Iran’s Nuclear Program
Developing it began in the 1950s, aided by Washington at the time – part of the Eisenhower administration’s Atoms for Peace program, explained in his December 1953 UN General Assembly address.
Nuclear reactor construction became a new profit opportunity for US business, building them domestically and abroad – the first ones in other countries constructed in Israel, Pakistan and Iran when Shah Reza Pahlavi was in power.
He aimed to fulfill a longstanding national objective – creating a modern energy infrastructure, built around nuclear power,, transforming power generation in the Middle East, reducing its dependency on oil and gas.
In 1978, Iran had the world’s fourth largest nuclear program, the largest among developing states, intending 20 new reactors by 1995.
Reza Pahlavi aimed to weaken US/UK pressure on the country to recycle petrodollars.
It’s a key part of US imperial strategy, vital for its geopolitical dominance, dependent on recycling oil revenues into dollars.
When Nixon closed the gold window in 1971, the link between gold, the dollar and sound money ended. Market forces dominated dollar value.
Money-printing madness followed, notably under Fed chairmen Greenspan, Bernanke and Yellen, benefitting Wall Street and other powerful financial interests hugely at the expense of world peace and social justice.
Reza Shah’s aim to move away from petrodollar recycling, along with wanting to construct nuclear reactor in markets competing with US companies, proved his undoing.
Longstanding US policy aims for maintaining dollar hegemony, using developing nations as suppliers of oil and other raw materials, limiting their growth potential, wanting them prevented from competing with US industry.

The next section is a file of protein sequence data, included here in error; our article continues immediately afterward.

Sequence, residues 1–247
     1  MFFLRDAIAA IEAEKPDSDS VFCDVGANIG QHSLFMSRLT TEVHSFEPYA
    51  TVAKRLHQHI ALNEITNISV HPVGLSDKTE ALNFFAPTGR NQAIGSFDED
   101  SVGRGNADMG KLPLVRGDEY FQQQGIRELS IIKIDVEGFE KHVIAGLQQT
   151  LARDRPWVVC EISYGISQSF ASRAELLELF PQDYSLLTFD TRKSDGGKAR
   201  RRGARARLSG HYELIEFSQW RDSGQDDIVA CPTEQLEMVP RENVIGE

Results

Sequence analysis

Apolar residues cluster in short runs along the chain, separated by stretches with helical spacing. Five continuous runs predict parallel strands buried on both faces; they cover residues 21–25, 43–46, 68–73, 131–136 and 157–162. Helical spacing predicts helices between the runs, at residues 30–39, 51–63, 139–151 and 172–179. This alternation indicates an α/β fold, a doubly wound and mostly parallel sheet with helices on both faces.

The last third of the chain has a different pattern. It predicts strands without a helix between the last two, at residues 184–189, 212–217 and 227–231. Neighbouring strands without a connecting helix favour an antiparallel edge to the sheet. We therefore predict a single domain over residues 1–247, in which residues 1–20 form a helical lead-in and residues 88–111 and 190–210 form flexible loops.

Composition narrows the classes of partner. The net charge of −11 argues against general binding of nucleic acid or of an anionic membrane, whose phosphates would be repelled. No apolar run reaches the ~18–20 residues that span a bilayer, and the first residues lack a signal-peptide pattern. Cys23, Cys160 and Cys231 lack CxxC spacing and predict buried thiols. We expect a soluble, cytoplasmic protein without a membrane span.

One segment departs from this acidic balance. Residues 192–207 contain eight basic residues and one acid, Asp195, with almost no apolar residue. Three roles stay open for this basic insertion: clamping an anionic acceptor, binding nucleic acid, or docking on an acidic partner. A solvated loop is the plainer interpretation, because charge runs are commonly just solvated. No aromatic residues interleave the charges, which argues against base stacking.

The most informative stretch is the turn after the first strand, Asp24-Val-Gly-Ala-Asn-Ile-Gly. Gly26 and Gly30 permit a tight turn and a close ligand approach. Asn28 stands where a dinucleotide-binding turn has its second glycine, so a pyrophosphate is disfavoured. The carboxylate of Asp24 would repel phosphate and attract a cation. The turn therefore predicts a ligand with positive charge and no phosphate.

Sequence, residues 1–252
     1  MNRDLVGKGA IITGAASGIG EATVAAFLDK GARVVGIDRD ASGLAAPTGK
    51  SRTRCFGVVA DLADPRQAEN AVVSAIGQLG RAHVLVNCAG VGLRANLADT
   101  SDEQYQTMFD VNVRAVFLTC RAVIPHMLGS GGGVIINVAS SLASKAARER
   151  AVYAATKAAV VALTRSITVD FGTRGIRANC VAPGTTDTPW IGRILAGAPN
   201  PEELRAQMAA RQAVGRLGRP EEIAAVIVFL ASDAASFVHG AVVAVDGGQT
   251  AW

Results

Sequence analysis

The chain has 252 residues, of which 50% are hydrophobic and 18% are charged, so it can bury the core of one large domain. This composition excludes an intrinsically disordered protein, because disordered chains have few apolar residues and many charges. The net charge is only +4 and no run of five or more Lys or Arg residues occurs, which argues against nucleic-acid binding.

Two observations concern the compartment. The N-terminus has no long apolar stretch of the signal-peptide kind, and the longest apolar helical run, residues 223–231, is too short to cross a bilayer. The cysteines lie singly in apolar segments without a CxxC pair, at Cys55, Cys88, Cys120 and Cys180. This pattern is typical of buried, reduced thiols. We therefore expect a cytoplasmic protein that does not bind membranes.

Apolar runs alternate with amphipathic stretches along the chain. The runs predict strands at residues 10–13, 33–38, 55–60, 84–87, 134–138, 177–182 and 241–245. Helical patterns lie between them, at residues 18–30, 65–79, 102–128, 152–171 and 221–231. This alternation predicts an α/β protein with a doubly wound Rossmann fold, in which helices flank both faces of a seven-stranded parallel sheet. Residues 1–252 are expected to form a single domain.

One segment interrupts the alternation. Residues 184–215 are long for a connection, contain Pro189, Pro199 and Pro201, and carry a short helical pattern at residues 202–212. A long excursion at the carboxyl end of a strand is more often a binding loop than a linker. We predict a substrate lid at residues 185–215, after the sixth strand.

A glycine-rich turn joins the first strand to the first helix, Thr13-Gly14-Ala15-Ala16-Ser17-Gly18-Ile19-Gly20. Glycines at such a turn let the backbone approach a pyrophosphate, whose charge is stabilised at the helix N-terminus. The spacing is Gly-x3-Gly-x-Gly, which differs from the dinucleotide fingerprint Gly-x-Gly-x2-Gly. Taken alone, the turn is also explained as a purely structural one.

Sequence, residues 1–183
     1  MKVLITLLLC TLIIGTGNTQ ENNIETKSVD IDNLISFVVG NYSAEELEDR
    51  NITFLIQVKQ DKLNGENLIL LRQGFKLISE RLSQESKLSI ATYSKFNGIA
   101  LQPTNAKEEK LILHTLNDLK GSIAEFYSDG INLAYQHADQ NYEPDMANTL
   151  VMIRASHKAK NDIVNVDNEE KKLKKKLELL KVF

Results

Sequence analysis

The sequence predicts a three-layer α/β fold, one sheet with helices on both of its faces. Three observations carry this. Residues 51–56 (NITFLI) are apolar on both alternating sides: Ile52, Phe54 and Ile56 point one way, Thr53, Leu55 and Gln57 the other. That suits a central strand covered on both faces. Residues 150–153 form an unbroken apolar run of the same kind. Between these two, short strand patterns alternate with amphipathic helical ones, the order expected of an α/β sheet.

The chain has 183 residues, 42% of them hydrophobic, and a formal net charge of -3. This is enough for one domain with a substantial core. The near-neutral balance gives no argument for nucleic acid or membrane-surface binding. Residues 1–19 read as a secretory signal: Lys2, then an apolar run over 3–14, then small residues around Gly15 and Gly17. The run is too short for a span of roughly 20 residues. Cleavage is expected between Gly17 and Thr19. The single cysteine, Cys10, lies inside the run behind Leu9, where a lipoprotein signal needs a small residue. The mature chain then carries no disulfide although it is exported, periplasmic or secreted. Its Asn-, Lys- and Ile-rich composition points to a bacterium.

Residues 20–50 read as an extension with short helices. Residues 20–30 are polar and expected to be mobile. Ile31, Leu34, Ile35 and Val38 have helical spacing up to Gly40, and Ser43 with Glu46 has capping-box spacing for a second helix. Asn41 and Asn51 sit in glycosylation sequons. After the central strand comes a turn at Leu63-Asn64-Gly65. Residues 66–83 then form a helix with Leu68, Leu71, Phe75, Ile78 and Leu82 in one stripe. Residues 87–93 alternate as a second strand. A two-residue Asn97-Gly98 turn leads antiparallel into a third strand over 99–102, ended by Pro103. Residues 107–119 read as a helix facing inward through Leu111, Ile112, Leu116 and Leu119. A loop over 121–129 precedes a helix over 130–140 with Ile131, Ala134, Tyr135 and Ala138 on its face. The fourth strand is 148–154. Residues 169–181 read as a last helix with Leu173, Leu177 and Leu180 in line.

Reza Shah’s divergence from US aims got the Carter administration to replace him with Ayatollah Khomeini, living in France at the time – a coup initiated similar to toppling Mohammad Mosaddegh in 1953.
Broader aims were involved, Washington wanting unchallenged regional dominance allied with Israel.
Then and now, the strategy involves balkanizing regional countries along tribal and religious lines – a divide and conquer strategy similar to the 1990s Balkan wars.
The aim was to create an “arc of crisis,” spreading to Central Asia and the Soviet Union.
At the time, Reza Pahlavi was negotiating a 25-year oil agreement with British Petroleum (BP). Talks broke down.
BP demanded exclusive rights to future Iranian output, refusing to guarantee oil purchases. Pahlavi balked. He sought new buyers of Iranian oil in Germany, France, Japan and elsewhere – eager to have it.
US/UK destabilizing of Iran followed. Oil purchases were cut. Other economic pressure followed, turmoil instigated, including oil strikes, crippling production.
CIA operatives worked with Iran’s hated Savak secret police, building antipathy toward Pahlavi. Protests followed, leading to his ouster. Khomeini returned to Tehran, proclaimed an Islamic Republic. Plans for nuclear development were shelved.
Russia is actively involved today in nuclear reactor construction in Iran – for commercial power generation.
Tehran deplores nuclear weapons, wants the region free of them, Israel the only Middle East country with an undeclared arsenal.
Tehran threatens no one. Washington, NATO and Israel threaten world peace – sooner or later their devastating WMDs likely to be used, Iran a possible target.
Regional tensions are heightened. US/Israeli rage for Middle East dominance could engulf the region in greater war than already.
Things are heading in this direction if nothing is done to stop it – risking devastating conflict, potentially able to spread globally, a frightening situation.
My newest book as editor and contributor is titled “Flashpoint in Ukraine: How the US Drive for Hegemony Risks WW III.”